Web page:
Since the takeover by Fenway Sports Group, the Reds have spent lavishly on new purchases, including big-money moves for the likes of Andy Carroll and Stewart Downing. It is perhaps the reported £20m Liverpool paid for the latter, who endured a miserable debut season at Anfield, which sparked a major rethink on transfer policy. That Rodgers has signed only young players following his own arrival on Merseyside is no coincidence.
It is not that Rodgers is against the idea of giving youngsters a chance – quite the opposite. Not only has the former Swansea boss been delighted with the impact of January signings Daniel Sturridge and Philippe Coutinho, but the talented stars he has promoted to the senior squad – such as Raheem Sterling, Suso and Andre Wisdom – have also been regularly praised.
However, the manager has made no secret of his desire to see more experience added to the team. Rodgers is an impressive speaker, but in order to prove his point about the value of older players, he has coupled these words with significant action. The most obvious of his changes was to recall veteran defender Jamie Carragher to the starting line-up midway through January and the 35-year-old vice-captain has kept his place ever since.
In addition to this, the average age of Liverpool’s starting team has gradually increased over the course of the season. In October, the Reds faced fierce local rivals Everton with a team containing Wisdom (19), Suso (18) and Sterling (17) and an overall average age of 24.3. On Saturday, as the five-time European champions cruised to a comfortable 4-0 win over lowly Wigan Athletic – Liverpool’s first win at the DW Stadium since 2007 – not a single teenager was used by the visitors. Impressive Brazilian attacking midfielder Coutinho (20) was the youngest player to feature, with the average age now reaching almost 27.5.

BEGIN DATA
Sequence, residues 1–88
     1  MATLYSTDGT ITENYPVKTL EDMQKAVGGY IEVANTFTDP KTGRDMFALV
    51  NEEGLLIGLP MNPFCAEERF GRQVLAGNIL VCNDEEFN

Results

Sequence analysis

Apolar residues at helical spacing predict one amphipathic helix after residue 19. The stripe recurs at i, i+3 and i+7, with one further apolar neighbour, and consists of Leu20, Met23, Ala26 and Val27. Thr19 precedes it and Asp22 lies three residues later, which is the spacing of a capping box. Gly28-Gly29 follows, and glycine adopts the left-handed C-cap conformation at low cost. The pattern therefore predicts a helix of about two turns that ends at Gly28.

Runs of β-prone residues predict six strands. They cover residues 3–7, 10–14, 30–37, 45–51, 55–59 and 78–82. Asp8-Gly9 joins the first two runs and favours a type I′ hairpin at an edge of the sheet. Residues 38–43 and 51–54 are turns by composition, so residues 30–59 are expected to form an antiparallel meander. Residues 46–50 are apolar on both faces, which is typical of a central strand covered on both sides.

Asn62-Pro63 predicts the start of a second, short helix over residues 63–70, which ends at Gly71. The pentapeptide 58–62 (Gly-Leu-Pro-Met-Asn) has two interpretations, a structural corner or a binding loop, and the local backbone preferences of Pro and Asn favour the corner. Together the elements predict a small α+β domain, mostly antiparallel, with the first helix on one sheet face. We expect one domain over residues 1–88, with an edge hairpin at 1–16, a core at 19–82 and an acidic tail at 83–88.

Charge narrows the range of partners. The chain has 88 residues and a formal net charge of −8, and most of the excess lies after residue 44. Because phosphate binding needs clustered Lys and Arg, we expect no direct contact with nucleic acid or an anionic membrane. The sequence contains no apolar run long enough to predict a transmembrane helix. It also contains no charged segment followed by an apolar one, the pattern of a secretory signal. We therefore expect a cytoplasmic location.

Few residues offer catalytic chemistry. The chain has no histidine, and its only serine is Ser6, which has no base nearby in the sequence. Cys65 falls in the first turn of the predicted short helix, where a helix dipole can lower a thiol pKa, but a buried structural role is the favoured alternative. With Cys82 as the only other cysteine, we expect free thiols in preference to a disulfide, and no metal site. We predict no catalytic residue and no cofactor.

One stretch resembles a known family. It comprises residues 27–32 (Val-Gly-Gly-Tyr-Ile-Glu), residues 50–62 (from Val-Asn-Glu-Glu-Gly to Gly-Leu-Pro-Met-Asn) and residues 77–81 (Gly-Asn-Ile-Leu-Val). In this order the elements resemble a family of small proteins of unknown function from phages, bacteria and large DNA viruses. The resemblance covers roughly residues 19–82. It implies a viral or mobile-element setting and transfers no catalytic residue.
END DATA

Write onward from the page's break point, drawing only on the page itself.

Of course, the presence of Carragher has contributed to the rise in the average age, but that does not take away from that fact that Sterling, who has made 23 Premier League appearances this term, has not started a top-flight game since January and neither has Wisdom. Suso, too, has not started a league game since December. Sterling’s absence may be down to tiredness, but the overall picture suggests that Rodgers is now relying on his experienced stars to help Liverpool see the season out.
Recent results perhaps indicate that these changes are working, but the Reds’ frustrating inconsistency makes it impossible to predict whether the older players will help Liverpool to keep on winning. If they do, then Rodgers will head into the summer in a stronger position when meeting with the owners. Last summer, he persuaded John Henry and co to abandon their plans to employ a director of football. When it comes to his first anniversary as Liverpool manager, Rodgers may encourage the owners to drift slightly from their transfer policy – and that would represent a victory for the smooth talker.
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